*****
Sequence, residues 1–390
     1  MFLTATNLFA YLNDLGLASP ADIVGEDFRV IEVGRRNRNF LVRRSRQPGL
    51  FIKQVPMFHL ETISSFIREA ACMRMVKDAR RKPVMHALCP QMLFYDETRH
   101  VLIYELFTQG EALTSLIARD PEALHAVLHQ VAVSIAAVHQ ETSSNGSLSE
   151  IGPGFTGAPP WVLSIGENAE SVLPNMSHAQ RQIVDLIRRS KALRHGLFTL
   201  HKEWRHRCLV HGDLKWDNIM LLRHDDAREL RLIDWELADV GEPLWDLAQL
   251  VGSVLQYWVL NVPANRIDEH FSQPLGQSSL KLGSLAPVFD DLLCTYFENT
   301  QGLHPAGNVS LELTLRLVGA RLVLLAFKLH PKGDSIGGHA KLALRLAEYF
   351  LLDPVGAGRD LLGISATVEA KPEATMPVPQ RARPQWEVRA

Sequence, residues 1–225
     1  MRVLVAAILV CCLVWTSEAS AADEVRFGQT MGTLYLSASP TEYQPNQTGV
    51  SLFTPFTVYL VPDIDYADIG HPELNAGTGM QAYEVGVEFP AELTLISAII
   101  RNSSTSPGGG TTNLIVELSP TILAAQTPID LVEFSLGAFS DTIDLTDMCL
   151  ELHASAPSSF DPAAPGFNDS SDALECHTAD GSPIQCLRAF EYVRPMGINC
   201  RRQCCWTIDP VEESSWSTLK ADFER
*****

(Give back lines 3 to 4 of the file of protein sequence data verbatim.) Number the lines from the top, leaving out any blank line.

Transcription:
    51  FIKQVPMFHL ETISSFIREA ACMRMVKDAR RKPVMHALCP QMLFYDETRH
   101  VLIYELFTQG EALTSLIARD PEALHAVLHQ VAVSIAAVHQ ETSSNGSLSE